Lawyer steps up for polygamist sect

Associated Press/October 25, 2009

Salt Lake City - The lawyer who regularly stands before TV cameras to defend a polygamous sect gets some praise for speaking up for what many consider an unpopular cause.

Rod Parker's critics, however, wonder how he sleeps at night.

"They really needed help," Parker said of the Texas members of the Fundamentalist Church of Jesus Christ of Latter Day Saints. "It was the kind of call you cannot say 'no' to."

Authorities suspecting abuse at the sect's ranch in Eldorado took charge of more than 400 children in April. But they were returned to their parents after Texas courts said the state's child-welfare agency went too far.

As the case shifted almost daily, it was Parker who shed his tie - "I didn't want to look too lawyer-ish" - and spoke for the sect, a publicity-shy group that typically avoids contact with news media.

The 49-year-old Salt Lake City lawyer is a Roman Catholic who once belonged to the mainstream Mormon church, which is not affiliated with the sect. Parker worked at the U.S. Justice Department in the late 1980s before returning to Utah to specialize in family law as well as litigation and appeals. His clients have included some of the world's largest corporations.

Parker became familiar with the sect while helping another lawyer and then took on more work for the group, which believes in polygamy and arranged marriage.

Parker and his family have become acquainted with the sect, based in the twin towns of Hildale, Utah, and Colorado City, Ariz.

His wife, Lynn Parker, a nurse, has visited the midwifery complex and quilted with some of the women. The Parker children have participated in the group's harvest festival.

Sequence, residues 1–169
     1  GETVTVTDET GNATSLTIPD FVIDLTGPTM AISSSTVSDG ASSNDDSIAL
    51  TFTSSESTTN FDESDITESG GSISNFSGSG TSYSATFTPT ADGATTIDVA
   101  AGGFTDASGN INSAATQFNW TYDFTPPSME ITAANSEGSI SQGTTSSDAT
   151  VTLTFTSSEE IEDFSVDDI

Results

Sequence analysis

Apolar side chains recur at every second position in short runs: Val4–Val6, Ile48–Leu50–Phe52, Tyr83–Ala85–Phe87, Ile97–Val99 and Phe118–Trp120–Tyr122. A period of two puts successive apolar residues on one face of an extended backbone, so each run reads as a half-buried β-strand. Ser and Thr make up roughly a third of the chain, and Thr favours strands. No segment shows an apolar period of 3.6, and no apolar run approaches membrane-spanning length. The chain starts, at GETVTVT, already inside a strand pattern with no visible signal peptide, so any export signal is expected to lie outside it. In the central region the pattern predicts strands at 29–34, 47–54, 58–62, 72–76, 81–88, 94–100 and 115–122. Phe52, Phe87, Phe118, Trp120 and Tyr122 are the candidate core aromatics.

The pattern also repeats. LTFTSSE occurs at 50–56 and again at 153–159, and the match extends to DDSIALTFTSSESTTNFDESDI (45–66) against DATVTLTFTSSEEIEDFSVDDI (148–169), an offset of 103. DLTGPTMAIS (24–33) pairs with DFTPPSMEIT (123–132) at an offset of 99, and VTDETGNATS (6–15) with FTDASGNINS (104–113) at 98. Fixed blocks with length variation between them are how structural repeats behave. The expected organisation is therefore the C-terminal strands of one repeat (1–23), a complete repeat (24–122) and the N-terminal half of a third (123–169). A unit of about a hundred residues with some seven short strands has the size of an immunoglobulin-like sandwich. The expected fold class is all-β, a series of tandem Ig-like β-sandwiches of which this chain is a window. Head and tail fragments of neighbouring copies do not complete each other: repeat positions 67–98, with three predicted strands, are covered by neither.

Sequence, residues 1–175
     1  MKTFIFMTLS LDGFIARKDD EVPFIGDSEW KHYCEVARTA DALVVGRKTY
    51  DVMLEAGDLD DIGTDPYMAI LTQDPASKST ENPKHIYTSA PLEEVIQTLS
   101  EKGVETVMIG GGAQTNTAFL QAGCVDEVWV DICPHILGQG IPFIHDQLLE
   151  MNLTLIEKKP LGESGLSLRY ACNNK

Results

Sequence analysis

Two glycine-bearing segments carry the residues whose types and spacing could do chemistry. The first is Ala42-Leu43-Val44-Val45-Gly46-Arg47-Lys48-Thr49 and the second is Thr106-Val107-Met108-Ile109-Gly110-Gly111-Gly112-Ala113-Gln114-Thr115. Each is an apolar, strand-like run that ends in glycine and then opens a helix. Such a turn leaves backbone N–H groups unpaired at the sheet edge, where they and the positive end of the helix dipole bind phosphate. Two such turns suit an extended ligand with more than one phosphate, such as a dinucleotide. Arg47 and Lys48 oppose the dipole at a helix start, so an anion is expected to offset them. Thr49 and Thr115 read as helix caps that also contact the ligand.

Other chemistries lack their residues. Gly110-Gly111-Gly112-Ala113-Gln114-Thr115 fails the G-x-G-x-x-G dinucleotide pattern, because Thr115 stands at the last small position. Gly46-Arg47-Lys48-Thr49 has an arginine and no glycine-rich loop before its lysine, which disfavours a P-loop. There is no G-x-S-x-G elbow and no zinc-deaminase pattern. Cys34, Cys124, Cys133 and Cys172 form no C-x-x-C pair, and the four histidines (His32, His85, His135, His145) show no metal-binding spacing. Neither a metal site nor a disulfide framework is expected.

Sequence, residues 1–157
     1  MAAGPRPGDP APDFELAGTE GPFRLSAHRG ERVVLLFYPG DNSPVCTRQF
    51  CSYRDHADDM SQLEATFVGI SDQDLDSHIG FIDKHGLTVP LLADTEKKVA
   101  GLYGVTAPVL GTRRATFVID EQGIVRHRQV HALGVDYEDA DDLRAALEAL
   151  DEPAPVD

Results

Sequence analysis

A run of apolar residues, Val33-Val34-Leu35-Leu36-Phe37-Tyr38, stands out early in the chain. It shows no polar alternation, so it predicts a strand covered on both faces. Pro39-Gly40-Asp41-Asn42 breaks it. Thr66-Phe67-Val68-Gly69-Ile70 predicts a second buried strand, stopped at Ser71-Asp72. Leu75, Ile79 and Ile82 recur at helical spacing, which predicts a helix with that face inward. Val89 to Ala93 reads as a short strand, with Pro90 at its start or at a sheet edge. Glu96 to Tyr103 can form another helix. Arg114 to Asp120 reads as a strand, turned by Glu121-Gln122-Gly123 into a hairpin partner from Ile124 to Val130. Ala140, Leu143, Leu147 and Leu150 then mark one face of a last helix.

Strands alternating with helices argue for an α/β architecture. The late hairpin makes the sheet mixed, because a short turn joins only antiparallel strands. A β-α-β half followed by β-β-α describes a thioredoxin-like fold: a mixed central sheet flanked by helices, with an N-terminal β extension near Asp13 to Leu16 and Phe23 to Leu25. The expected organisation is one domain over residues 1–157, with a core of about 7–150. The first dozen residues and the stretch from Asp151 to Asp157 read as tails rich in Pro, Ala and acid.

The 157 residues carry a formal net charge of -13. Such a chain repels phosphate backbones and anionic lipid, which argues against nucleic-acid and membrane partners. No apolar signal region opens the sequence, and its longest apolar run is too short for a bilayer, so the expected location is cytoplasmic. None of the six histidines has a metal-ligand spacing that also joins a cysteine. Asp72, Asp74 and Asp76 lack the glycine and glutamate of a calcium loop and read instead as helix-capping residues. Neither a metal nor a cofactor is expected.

"I feel like I know so much more about what their church believes than what my church believes," Parker told the Deseret News in Salt Lake City.

Lynn Parker said her husband doesn't judge people.

"Rod is very much a constitutional lawyer. " He looks at their legal rights regardless of who they are," she said.

Utah Attorney General Mark Shurtleff praises Parker as someone who is looking out for the rank-and-file members of the sect. But in the next breath, Utah's chief law enforcer said the church has too much influence over Parker.

"He's almost a paid lobbyist or lackey for them, so he only repeats their line," Shurtleff said of Parker.

In response, Parker said: "I try to stick to the issues."

Salt Lake City attorney Brent Hatch, who has known Parker for 20 years, describes him as one of the "top legal minds" in the area who avoids self-promotion.

Parker's work for the sect had been infrequent in recent years, after sect leaders declined to fight civil lawsuits by former members. But then he responded to a call for assistance in Texas.

"I do think they deserve representation," Parker said of polygamists. "I think they get a raw deal a lot of the time."

To see more documents/articles regarding this group/organization/subject click here.